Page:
How to get experience in the women’s rights sector

December 19, 2017

Participants in Bougainville Women's Federation's Young Women's Leadership forum in Bougainville. Photo: Harjono Djoyobisono/IWDA
Participants in Bougainville Women's Federation's Young Women's Leadership forum in Bougainville. Photo: Harjono Djoyobisono/IWDA

 

Life at an international development agency focussed on women’s rights can be emotional, inspiring and challenging. But we absolutely love it. There’s nothing more rewarding than working for an organisation whose values align so closely with your own, and know you’re making a real difference.

We regularly get emails from people asking us how to score a job working in women’s rights. Our experience? There is no one way to do it.

So how can you stand out? Here are 10 quick tips.

1. Use the skills you have in different ways – Having a Masters in Gender Studies isn’t the only way to get into the sector. Women’s rights organisations are just like any other business. In addition to their core operations, which can range from service delivery to advocacy, there are social media and communications positions, accountants, HR teams and administrative staff. You don’t have to be on the ground to work in the field; use what you have in ways that are meaningful to you.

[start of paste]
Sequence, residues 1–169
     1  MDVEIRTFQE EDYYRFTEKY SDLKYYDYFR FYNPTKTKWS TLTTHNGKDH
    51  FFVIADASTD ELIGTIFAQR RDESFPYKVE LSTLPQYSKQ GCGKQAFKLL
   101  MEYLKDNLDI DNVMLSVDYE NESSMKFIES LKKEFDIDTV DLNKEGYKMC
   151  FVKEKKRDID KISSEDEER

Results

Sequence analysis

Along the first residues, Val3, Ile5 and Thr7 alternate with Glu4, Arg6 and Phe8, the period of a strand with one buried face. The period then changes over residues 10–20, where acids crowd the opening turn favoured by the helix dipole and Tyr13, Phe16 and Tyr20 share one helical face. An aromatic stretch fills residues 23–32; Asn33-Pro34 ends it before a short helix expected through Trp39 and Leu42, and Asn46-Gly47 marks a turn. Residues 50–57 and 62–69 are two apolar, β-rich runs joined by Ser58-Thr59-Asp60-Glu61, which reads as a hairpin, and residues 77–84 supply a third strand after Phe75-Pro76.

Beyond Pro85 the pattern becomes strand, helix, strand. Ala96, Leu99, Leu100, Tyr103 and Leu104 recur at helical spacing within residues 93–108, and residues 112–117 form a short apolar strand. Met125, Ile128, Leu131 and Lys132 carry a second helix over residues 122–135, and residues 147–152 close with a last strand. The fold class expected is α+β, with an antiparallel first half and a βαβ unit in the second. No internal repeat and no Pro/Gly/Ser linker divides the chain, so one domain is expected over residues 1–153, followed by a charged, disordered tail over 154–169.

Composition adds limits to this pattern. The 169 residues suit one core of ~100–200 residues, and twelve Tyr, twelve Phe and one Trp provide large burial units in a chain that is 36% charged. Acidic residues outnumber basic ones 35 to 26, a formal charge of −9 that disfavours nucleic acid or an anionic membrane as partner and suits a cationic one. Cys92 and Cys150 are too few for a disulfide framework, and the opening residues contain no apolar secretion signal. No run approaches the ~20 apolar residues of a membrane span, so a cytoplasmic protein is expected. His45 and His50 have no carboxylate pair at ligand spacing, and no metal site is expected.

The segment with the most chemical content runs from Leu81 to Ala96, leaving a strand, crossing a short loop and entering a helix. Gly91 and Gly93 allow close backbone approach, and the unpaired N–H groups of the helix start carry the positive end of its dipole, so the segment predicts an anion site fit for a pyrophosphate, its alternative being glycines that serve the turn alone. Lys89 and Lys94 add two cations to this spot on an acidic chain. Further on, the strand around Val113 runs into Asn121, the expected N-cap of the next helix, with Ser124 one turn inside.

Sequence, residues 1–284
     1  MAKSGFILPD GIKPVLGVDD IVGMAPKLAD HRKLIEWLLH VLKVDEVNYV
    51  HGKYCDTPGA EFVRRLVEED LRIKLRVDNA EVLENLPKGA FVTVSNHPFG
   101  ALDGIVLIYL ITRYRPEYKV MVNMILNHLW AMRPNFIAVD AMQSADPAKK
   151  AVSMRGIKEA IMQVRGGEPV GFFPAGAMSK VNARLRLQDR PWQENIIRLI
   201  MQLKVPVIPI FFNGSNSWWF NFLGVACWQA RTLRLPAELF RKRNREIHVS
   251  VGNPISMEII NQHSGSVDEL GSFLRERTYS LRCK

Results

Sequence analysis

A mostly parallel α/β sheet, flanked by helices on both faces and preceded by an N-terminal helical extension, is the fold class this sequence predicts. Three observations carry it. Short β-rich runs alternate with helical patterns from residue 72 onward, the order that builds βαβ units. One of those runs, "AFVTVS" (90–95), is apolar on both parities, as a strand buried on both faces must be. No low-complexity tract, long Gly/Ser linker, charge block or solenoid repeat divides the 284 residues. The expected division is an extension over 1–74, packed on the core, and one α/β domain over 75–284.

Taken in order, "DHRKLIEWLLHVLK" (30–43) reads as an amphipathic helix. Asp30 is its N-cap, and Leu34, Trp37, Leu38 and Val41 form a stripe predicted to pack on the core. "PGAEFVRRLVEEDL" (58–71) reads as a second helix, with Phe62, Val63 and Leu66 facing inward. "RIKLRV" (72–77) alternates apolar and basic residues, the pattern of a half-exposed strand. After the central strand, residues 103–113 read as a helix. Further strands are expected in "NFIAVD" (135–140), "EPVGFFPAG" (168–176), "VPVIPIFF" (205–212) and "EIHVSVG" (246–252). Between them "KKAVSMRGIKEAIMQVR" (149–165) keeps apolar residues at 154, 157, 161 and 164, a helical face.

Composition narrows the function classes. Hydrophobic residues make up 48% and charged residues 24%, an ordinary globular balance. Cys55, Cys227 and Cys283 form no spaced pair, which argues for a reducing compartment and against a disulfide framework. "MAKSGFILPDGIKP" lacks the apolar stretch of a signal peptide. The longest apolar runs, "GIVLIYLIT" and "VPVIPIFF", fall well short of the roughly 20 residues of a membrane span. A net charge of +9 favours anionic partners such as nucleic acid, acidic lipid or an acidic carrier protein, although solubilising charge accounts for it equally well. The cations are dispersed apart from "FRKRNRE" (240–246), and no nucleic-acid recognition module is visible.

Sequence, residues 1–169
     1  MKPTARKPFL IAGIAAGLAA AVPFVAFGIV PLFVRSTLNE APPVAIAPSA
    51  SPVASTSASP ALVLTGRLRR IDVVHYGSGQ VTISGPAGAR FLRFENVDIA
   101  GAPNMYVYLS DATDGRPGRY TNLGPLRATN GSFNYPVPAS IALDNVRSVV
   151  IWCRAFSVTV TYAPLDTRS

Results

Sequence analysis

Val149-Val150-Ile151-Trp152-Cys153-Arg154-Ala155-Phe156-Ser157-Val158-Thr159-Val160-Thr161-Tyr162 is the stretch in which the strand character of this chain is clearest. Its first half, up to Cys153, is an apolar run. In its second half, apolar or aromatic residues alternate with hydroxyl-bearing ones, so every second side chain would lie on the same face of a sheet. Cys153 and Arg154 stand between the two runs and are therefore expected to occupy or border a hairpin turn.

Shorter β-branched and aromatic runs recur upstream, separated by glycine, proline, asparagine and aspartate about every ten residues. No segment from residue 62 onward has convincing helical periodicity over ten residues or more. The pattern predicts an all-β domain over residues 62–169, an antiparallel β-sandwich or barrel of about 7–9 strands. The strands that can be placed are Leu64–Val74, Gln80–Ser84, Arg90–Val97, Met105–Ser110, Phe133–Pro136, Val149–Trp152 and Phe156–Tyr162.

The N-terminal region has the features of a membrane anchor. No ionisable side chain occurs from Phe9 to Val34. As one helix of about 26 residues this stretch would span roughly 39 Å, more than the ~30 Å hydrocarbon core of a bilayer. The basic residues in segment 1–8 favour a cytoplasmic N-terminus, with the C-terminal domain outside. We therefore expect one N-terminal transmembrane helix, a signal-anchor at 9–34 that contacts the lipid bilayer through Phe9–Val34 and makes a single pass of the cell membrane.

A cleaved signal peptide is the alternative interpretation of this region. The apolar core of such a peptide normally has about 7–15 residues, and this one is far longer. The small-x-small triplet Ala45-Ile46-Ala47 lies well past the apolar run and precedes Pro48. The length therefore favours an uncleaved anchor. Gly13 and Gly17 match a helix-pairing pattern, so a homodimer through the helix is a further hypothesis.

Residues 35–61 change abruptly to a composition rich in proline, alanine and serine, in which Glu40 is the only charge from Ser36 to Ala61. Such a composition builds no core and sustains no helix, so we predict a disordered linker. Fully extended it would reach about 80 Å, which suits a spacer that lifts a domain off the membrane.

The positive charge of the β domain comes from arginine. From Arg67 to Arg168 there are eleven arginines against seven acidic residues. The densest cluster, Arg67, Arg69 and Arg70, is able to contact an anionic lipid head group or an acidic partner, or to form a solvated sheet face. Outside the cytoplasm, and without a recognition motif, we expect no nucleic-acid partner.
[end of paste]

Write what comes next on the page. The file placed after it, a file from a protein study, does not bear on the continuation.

2. Volunteer for organisations you admire – Many of IWDA’s current staff reported that they’d volunteered at some point in their career. If you’re in a financial position to do so, volunteering is an excellent way to learn how women’s rights operate and make connections. University is one thing, but gaining experience on what it’s like to actually work in the field in invaluable. It’s also a great in – many of our ex-volunteers are now paid staff.

3. Apply even if you don’t think you’re 100% ‘qualified’ for the job – When applying for jobs, there’s always going to be some skill, experience or qualification the position description requires that you’re missing. This is particularly true in a field as niche as women’s rights, and some employees may ask for experience and skills in very specific areas. The good news is that, more often than not, it’s something that you can pick up on the job. Enthusiasm goes a long way, and if you’re committed to the cause, you’ll be able to learn quickly.

4. Look into paid internships overseas – If you can’t afford unpaid work, a more financially secure option is to undertake a paid fellowship or an overseas volunteer posting that provides a stipend. It’s a great opportunity to learn about women’s rights in a different context, and there are positions across several disciplines. There are a lot of fellowships in the United States, and Australian Volunteers International always have new postings.